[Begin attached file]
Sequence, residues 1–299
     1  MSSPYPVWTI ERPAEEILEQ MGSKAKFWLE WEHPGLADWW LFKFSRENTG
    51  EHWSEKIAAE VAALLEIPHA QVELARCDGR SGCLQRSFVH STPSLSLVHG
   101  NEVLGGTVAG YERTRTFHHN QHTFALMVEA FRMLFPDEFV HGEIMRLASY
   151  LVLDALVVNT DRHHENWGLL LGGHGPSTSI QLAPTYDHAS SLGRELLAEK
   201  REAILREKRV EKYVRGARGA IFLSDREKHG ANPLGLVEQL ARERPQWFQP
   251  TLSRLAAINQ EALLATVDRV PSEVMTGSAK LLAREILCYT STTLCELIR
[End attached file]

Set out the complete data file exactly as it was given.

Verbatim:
Sequence, residues 1–299
     1  MSSPYPVWTI ERPAEEILEQ MGSKAKFWLE WEHPGLADWW LFKFSRENTG
    51  EHWSEKIAAE VAALLEIPHA QVELARCDGR SGCLQRSFVH STPSLSLVHG
   101  NEVLGGTVAG YERTRTFHHN QHTFALMVEA FRMLFPDEFV HGEIMRLASY
   151  LVLDALVVNT DRHHENWGLL LGGHGPSTSI QLAPTYDHAS SLGRELLAEK
   201  REAILREKRV EKYVRGARGA IFLSDREKHG ANPLGLVEQL ARERPQWFQP
   251  TLSRLAAINQ EALLATVDRV PSEVMTGSAK LLAREILCYT STTLCELIR